(Bloomberg) — Russian President Vladimir Putin has found another weapon to use against European countries supporting Ukraine — Kazakhstan’s crude — and it will cost him almost nothing, writes Bloomberg oil strategist Julian Lee.
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While a grace period ticks down before European sanctions on Russian oil kick in on Dec. 5 and the G7 group of industrialized countries considers a price cap on Moscow’s crude exports, Putin is getting his retaliation in early. A court in the town of Novorossiysk has ordered the Caspian Pipeline Consortium to halt shipments from its Black Sea export terminal for a month as punishment for violating oil spill regulations.
The beauty of the move, from a Russian perspective, is that the flow that will be curtailed is not primarily Russian crude, which can be diverted elsewhere anyway, but output from neighboring Kazakhstan. Almost 1.5 million barrels a day of crude supply can be taken off an already tight market at virtually no cost to Russia.
Supplies to European markets, where about two-thirds of CPC crude ends up, already are being constrained by unrest in Libya, which has slashed the north African country’s exports by half and looks likely to send them even lower, as well as the shunning of Russia’s own barrels by former customers.
After operating relatively trouble-free for more than 20 years, the CPC pipeline has been hit with a series of outages in the months since Putin’s troops invaded Ukraine and European countries began sending aid and arms to the government in Kyiv.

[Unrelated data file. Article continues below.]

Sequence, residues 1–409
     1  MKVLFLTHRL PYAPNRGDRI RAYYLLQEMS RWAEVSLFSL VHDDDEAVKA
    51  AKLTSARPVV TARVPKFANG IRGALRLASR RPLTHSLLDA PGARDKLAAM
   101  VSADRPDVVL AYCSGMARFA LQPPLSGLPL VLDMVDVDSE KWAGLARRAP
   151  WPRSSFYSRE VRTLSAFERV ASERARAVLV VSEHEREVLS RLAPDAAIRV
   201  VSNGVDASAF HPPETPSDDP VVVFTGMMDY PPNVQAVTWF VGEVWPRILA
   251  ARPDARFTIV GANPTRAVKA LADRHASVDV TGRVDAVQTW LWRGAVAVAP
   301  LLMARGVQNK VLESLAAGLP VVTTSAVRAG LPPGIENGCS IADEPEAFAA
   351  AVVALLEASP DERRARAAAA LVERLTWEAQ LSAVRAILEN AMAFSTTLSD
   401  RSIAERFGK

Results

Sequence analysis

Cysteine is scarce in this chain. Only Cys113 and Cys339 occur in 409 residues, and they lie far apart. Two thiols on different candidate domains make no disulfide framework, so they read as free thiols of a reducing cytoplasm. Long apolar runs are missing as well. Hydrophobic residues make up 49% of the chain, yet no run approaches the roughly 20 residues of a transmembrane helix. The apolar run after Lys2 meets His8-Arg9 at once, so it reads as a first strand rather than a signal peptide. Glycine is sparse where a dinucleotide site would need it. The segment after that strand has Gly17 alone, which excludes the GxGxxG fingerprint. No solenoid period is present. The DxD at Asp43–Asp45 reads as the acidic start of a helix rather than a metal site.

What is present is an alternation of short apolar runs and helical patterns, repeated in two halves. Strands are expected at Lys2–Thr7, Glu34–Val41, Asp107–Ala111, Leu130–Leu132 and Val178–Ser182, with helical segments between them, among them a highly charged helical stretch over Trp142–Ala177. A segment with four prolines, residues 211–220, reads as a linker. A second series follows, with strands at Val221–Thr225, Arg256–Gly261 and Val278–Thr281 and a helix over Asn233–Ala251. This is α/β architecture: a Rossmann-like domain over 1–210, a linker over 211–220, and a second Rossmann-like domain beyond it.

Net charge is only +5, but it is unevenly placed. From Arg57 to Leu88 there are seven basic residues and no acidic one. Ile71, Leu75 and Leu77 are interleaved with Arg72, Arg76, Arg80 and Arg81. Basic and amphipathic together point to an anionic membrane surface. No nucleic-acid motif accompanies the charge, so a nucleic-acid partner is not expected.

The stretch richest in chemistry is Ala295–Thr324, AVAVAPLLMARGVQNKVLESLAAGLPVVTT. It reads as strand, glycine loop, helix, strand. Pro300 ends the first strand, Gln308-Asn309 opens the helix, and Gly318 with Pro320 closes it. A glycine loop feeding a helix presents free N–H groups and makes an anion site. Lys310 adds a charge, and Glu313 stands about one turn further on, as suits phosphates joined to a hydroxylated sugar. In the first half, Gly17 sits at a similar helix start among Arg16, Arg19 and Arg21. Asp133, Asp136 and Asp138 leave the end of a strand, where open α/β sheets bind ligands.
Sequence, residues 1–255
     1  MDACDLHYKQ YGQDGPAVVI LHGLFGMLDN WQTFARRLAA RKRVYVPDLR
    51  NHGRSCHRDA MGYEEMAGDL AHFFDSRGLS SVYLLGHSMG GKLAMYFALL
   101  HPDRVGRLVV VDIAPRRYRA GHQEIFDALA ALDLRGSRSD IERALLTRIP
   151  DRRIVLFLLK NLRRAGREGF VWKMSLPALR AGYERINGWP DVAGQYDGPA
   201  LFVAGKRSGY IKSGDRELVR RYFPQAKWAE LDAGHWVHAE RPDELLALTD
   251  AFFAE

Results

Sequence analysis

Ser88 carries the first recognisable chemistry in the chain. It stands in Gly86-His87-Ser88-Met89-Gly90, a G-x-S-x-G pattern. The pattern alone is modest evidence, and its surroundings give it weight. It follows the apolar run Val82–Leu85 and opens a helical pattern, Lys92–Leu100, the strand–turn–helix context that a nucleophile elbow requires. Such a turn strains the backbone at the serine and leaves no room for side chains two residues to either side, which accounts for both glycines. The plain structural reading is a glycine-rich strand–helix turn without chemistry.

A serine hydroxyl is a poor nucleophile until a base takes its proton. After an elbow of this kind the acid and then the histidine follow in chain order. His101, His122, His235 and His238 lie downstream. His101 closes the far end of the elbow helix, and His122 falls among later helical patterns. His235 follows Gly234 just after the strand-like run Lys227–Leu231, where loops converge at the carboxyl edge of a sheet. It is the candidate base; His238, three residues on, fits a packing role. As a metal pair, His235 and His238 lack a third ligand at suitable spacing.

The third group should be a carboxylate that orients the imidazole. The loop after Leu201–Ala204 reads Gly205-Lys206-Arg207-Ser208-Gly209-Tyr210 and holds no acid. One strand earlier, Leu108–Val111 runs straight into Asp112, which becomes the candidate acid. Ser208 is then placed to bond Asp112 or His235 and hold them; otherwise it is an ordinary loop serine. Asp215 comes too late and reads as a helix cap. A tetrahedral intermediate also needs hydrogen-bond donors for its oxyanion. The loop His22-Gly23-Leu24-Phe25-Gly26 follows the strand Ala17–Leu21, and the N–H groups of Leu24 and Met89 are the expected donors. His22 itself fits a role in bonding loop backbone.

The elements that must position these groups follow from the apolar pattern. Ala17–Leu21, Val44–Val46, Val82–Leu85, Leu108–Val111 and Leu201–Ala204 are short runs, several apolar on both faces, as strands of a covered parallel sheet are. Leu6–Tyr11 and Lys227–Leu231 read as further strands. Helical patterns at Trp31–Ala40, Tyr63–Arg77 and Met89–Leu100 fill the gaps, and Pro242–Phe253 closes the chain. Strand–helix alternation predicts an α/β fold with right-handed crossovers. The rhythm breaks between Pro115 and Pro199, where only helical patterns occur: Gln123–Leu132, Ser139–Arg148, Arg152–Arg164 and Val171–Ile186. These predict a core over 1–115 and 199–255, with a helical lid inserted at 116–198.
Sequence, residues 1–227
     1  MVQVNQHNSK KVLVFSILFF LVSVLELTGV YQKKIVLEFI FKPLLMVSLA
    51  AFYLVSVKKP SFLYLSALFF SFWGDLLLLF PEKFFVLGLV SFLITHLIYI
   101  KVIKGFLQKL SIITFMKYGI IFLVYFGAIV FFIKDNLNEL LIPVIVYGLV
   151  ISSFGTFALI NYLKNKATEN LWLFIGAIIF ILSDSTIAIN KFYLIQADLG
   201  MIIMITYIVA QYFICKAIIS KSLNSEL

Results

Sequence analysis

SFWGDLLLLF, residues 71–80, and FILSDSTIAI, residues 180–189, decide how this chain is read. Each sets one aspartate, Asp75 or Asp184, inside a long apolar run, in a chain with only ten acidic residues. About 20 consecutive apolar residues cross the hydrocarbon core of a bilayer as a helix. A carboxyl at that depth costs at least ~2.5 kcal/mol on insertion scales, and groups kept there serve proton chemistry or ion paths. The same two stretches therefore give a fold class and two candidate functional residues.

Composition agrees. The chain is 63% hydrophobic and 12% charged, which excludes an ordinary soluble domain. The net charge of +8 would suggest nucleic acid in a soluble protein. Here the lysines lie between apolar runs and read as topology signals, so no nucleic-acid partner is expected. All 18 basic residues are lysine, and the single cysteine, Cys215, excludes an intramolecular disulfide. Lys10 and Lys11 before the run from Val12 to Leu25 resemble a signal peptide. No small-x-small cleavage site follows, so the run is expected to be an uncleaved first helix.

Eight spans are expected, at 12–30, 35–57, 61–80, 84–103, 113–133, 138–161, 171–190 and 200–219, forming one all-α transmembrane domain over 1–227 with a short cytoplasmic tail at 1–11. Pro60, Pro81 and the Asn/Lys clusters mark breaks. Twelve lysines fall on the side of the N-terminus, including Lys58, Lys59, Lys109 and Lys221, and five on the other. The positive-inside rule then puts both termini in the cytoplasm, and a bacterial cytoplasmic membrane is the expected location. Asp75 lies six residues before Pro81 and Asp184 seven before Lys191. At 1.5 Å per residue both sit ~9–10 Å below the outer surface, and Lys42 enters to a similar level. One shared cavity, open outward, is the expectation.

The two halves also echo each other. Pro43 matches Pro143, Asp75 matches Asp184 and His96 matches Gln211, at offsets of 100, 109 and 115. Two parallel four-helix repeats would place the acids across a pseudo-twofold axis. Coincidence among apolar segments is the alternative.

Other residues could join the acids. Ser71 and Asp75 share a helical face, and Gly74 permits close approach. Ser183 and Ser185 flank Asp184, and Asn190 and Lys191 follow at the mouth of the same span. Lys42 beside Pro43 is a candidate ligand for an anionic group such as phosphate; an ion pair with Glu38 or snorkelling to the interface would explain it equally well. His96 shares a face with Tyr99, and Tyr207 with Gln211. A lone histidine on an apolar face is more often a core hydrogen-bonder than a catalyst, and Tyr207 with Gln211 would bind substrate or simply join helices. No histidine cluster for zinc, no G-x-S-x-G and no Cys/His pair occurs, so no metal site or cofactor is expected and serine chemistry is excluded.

March saw a storm damage two of the loading buoys, taking the entire terminal out of operation for several weeks and cutting flows well into April. After a quiet May, a seabed survey in June revealed a World War II mine that required the suspension of loading from two of the three buoys. No sooner were they back in operation than the port was hit again.
An audit of hazardous operation facilities, ordered by a deputy prime minister of the Russian Federation, revealed “a number of documentary violations under the Oil Spill Response (OSR) Plan,” according to a statement on the CPC website. Even though the company was given until Nov. 30 to rectify the violations, an application was made to the court to suspend operations as punishment for the offense.
The halt, if implemented, will have virtually no impact on Russia’s oil exports. Crude of Russian origin makes up only about 10% of CPC volumes and can be rerouted to alternative outlets. The bigger hit will be felt by Kazakhstan, which relies on the pipeline for almost 80% of its hydrocarbons exports and has little flexibility to reduce that dependence.
But losing what could be as much as a million barrels a day of light, sweet crude would be a hefty blow for Europe. By halting CPC flows, even if only briefly, Russia could punish its tormentors to the west by stoking already elevated crude prices, while potentially increasing state revenues from its own virtually undamaged exports.
NOTE: Julian Lee is an oil strategist who writes for Bloomberg. The observations he makes are his own and are not intended as investment advice.
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Six people in critical condition, one still missing after Paris blast – prosecutor
© Reuters. French firefighters and rescue forces work after several buildings on fire following a gas explosion in the fifth arrondissement of Paris, France, June 21, 2023. REUTERS/Gonzalo Fuentes